Friday, November 23, 2007
One hundred years after the Azusa Street Revival stunned Los Angeles and changed Western Christianity, Pentecostalism has become the fastest growing religious movement in the world. However, many Pentecostal denominations in the United States are in a slow decline. Will Pentecostalism survive in North American in the twenty-first century? If so, what forms will it take? The Future of Pentecostalism in the United States brings together leading scholars of charismatic and Pentecostal Christianity to discuss and forecast these issues. The book looks at American Pentecostalism from a variety of disciplinary perspectives including sociology, theology, history, and the arts. The book also considers various traditions and sub-movements within U.S. Pentecostalism, such as African American Pentecostal and charismatic Latino churches, urban postmodern charismatic congregations, and the role of Pentecostal institutions of higher education.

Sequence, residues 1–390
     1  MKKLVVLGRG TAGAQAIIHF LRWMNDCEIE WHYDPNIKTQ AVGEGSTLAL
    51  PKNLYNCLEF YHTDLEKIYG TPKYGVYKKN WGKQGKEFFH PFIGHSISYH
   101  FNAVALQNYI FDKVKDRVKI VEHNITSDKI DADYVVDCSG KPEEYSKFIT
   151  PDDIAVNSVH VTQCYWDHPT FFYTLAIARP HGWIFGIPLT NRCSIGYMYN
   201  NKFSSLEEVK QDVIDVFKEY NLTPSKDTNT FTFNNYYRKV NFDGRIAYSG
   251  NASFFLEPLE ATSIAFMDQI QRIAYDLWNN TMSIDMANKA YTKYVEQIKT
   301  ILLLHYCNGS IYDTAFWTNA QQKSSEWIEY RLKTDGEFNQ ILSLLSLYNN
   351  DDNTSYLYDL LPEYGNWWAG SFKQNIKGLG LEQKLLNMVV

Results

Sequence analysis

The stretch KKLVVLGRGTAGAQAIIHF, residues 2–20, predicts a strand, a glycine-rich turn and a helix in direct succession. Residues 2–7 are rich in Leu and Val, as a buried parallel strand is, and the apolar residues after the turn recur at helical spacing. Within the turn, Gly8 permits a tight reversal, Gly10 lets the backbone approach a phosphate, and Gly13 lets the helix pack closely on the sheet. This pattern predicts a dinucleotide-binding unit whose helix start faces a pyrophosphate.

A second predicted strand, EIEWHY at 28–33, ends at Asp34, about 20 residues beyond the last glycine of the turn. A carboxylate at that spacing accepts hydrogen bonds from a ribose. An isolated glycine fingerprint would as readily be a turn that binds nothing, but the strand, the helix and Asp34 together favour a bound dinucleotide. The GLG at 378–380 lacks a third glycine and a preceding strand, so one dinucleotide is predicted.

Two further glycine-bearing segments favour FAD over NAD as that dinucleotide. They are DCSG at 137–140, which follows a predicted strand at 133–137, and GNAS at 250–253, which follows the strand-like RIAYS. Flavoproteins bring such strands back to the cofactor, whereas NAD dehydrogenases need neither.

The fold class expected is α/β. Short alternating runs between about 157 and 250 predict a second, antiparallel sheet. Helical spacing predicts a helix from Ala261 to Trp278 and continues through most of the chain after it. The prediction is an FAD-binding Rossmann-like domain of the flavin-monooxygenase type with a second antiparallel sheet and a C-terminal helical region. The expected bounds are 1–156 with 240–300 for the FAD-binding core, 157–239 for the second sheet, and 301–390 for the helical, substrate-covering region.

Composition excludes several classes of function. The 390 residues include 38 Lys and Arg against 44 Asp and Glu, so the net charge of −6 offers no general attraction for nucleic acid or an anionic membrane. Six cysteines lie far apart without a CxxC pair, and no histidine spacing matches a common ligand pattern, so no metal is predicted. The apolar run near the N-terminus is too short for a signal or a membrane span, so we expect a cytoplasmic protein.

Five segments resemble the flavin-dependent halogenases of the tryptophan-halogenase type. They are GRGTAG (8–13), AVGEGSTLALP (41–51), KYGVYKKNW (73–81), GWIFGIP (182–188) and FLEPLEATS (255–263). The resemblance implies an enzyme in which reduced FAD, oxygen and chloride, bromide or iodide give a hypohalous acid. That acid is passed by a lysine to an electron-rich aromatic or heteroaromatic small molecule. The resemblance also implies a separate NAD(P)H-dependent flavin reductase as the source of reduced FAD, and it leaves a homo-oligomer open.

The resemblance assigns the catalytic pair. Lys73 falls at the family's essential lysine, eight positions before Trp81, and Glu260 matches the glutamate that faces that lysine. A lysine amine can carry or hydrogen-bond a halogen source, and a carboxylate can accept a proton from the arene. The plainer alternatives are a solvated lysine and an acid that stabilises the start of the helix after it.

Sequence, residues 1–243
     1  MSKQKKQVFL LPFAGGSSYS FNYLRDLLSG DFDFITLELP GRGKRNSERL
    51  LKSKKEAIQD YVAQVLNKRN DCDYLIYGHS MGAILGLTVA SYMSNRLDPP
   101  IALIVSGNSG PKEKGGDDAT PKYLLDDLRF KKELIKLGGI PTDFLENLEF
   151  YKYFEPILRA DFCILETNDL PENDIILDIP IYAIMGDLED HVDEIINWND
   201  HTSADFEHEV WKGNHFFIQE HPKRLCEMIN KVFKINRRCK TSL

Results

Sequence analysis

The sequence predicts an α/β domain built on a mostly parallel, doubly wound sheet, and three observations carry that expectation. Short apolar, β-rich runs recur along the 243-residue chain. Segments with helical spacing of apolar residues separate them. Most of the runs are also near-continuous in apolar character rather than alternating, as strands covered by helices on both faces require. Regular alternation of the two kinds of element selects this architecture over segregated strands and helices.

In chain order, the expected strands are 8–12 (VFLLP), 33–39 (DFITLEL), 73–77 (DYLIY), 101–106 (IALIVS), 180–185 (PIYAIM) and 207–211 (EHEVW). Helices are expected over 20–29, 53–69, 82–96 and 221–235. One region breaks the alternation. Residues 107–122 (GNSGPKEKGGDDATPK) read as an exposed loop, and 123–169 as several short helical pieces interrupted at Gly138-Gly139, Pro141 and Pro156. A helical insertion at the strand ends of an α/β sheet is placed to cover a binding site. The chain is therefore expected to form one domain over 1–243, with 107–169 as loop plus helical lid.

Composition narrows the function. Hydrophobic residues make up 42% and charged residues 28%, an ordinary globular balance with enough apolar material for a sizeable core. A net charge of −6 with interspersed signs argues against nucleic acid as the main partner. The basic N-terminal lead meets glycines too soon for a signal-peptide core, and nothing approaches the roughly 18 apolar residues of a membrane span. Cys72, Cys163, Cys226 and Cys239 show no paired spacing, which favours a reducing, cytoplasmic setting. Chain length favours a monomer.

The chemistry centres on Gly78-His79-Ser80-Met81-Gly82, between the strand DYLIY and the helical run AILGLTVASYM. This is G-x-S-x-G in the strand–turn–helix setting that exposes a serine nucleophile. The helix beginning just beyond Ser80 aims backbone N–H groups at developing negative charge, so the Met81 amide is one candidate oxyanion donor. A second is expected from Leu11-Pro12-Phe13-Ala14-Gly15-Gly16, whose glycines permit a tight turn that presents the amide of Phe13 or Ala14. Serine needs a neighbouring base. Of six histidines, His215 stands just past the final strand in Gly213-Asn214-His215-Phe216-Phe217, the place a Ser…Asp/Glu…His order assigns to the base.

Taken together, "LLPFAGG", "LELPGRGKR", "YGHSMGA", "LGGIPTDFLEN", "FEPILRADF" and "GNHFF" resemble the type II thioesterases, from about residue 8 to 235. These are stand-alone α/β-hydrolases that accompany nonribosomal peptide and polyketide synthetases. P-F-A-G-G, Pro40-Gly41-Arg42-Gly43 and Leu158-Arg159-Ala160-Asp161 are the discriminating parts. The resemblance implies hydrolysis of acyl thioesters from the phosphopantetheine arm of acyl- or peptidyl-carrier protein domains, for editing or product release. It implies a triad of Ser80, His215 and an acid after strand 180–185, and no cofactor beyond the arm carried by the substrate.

I wrote my chapter about 3 years ago and had to update it before publication. I was asked to contribute something on the future of the COG in the U.S. The title, "The Almost Pentecostal", was given to me by Steve Land, based on Wesley's sermon "The Almost Christian". I raise the question are we "almost Pentecostal" and answer it by examining three areas: Doctrine (Holiness), Mission, and Polity (Internationalization, Women).
Other contributors include Frank Macchia, Margaret Poloma, David Daniels, and Arlene Sanchez Walsh.